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Some evaluative comments on REACH so far

February 19th, 2013

By early 2013, thousands of registrations of existing substances of high tonnage or priority have been submitted for REACH registration. Chemicals of lower tonnage bands have also been processed. REACH registration has brought to light significant properties of many substances, and this information has been disseminated by ECHA. Property sections of the dossiers are now available on the ECHA website, further improving read-across and category development.

As well as these positive outcomes of REACH, more negatively the regulators continue to give disproportionate attention to substances of a very low hazard profile. In addition to this, the authorities have been more demanding on registrants than expected regarding test plans. It is a concern to industry and animal welfare groups alike that there is not enough being done to minimise test requirements by robust use of prediction and read-across methods where appropriate. From another angle, it has also been suggested by NGOs in a number of fields that ECHA is too secretive about its interactions with the industry.

Instances of non-compliance have led to the authorities taking enforcement action. This perhaps demonstrates that, contrary to popular belief, REACH will not be soft towards offenders. However, finding offenders is not so easy!

There were numerous doubts regarding ‘REACH-IT’ due to the numbers of registrants and frequent updates to IUCLID; however, despite these difficulties, the system has not failed. The stress on the industry being forced to meet unrealistic time scales with limited resource capacity has been high, made more difficult by changing guidance. For industry, there is far more to REACH compliance than simply getting the data organised. There are business strategy issues for the registrants’ own purposes, relations with co-registrants who are competitors, and the need to interact well in the supply chain.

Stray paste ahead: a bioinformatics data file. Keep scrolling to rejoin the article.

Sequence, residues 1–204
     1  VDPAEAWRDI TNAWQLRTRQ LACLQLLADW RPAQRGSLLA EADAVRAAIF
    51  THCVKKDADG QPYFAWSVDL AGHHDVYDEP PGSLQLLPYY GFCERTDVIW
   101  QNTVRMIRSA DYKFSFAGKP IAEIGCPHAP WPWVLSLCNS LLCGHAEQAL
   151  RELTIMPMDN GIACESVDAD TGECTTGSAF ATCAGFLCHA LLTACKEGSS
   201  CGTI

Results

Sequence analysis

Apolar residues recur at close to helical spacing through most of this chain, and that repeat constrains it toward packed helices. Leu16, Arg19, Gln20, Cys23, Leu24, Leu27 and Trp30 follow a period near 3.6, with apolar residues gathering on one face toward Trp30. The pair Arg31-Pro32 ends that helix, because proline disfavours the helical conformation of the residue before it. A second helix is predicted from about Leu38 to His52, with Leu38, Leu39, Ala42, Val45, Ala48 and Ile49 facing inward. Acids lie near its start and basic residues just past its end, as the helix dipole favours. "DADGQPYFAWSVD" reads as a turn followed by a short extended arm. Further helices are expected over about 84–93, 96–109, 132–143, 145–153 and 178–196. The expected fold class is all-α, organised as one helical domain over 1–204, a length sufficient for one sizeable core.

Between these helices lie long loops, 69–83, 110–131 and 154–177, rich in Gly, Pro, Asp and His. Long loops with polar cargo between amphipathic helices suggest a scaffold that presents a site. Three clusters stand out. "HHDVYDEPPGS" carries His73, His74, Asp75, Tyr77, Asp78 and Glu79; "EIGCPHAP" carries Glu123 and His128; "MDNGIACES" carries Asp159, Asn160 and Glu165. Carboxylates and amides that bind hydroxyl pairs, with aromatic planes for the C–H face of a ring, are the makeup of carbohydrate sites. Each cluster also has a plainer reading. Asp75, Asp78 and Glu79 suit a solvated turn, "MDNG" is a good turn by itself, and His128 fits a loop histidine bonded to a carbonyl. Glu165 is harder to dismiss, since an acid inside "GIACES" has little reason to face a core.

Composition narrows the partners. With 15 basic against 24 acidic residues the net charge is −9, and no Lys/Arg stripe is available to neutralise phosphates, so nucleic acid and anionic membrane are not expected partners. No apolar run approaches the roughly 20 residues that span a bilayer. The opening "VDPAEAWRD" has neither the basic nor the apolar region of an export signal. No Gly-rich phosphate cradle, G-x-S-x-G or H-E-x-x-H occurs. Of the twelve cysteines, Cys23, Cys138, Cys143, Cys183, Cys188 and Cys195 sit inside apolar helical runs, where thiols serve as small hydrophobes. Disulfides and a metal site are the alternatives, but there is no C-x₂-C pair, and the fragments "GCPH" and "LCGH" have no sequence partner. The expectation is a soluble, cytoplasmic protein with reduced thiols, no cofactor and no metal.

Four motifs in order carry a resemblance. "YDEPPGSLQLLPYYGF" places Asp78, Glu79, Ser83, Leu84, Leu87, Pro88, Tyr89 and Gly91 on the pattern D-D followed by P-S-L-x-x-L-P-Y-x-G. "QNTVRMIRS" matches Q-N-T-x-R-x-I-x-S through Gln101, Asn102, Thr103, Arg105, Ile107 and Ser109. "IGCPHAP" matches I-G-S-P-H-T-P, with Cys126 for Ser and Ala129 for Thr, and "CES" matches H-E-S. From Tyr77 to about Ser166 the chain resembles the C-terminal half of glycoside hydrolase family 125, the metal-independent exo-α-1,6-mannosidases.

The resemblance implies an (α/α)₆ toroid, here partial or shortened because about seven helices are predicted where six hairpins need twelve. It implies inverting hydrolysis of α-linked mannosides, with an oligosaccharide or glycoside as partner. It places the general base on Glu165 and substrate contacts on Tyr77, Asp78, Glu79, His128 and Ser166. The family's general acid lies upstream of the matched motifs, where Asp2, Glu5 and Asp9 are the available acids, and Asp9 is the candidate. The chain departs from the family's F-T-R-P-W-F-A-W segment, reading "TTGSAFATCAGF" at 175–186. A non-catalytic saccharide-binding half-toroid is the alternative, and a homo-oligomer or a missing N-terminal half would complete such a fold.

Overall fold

Overlaps with other legislation have resulted in some confusion for registrants. This may be reduced by increased experience and more interaction between registrants and regulators.
So far REACH has been beneficial to the protection of the environment and human health. It has cost registrants a very large sum of money, although for high tonnage substances probably not so much as to damage business. For the 2018 call-in, that may be less clear.

The next wave of registrations for 2018 will be a significant challenge for the many companies who have not experienced REACH as registrants. REACH will not end with the registration of the phase-in substances. If the regulators take on board the lessons learnt thus far, then the next ten years of dossier production, test planning and completion, and ultimate achieving of a new regulatory ‘steady state’, will be of benefit to both the chemical industry and wider society.